Inter-individual variance in the rest-related (=ΔREEadj FFM) and non-rest-related (ΔAEEadj FFM) compartment of adaptive thermogenesis (AT) during a 3-week controlled underfeeding (at -50% of energy demand, here in green) and a 2-week overfeeding (at +50% of energy demand, here in red) in 31 healthy and normal weight young men. For original data see Müller et al. (2015). The participants were ranked according to their REE value before the intervention (upper panel). After an adjustment for fat-free mass, there were no inter-individual differences in REE measurement before the weight cycle. Average changes in weight loss or weight gain are shown on the right side. An adaptation of thermogenesis only occurred during underfeeding. REE = rest energy consumption; AEE = activity-related energy consumption; FFM = fat-free mass. (Graphic Source: Müller et al., 2016)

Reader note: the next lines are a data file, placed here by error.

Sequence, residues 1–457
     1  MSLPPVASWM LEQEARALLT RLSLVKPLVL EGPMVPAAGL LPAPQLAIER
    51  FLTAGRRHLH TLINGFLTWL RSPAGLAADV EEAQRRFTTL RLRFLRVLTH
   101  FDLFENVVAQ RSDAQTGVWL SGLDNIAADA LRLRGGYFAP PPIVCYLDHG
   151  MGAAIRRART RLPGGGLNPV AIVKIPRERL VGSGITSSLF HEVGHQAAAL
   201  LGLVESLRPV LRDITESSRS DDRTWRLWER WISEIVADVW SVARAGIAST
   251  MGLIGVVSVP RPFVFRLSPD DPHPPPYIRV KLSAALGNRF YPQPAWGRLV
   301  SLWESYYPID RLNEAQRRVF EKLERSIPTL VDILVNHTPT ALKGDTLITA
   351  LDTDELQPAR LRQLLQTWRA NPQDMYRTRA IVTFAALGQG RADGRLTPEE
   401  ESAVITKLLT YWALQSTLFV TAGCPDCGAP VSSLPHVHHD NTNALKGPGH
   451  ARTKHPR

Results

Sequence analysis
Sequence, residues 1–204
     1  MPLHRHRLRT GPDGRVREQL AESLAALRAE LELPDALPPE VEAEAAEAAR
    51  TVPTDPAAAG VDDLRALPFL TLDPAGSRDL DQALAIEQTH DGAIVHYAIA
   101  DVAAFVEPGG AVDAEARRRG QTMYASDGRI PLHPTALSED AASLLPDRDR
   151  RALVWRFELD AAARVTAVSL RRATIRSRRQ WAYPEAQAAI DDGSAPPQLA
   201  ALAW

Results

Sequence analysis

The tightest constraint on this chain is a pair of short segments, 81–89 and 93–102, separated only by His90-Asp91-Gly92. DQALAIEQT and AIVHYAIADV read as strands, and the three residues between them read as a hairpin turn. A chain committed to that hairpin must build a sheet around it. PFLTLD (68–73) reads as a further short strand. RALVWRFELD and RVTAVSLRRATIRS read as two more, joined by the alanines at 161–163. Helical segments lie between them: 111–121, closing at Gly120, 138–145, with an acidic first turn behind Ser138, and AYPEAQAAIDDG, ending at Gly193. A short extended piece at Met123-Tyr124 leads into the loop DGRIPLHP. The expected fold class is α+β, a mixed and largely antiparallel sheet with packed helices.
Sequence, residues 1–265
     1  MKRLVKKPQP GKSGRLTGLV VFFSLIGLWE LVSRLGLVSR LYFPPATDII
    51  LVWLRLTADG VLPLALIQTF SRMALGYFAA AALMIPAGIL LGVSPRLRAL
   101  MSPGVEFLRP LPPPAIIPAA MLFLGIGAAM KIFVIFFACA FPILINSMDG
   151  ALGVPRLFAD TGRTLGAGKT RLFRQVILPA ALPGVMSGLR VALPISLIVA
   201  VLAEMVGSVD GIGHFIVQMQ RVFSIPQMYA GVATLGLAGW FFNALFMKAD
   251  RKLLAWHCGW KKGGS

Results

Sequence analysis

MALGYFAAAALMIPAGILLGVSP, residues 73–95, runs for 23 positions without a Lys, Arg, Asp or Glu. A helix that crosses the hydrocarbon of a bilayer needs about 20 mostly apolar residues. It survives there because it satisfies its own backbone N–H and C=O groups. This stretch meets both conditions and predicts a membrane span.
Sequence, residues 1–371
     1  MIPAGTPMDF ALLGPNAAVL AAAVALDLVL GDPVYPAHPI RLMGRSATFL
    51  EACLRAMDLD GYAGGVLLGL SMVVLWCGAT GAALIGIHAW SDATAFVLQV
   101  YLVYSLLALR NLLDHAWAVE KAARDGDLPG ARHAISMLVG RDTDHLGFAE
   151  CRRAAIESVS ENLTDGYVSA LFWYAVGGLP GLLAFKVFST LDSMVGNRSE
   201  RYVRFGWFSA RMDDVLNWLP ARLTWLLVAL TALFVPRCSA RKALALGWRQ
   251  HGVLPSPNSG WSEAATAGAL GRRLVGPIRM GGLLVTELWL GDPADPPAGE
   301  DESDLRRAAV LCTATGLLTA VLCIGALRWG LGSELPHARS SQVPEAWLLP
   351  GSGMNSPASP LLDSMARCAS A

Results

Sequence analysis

Adaptive thermogenesis during overfeeding varies massively from person to person, and seemingly explains the notion of the classic ‘hard gainer’ (i.e. someone that, despite their best efforts, struggles to gain body mass).[9]Levine, JA. (2002): Non-exercise activity thermogenesis (NEAT). In: Best Pract Res Clin Endocrinol Metab. URL: https://www.sciencedirect.com/science/article/abs/pii/S1521690X02902277.[10]Levine, JA. / Eberhardt, NL. / Jensen, MD. (1999): Role of nonexercise activity thermogenesis in resistance to fat gain in humans. In: Science. URL: https://www.ncbi.nlm.nih.gov/pubmed/9880251.

In the rest of the article, we will take a closer look at the literature on AT during dieting conditions, and see what practical takeaways we can use to better serve our clients.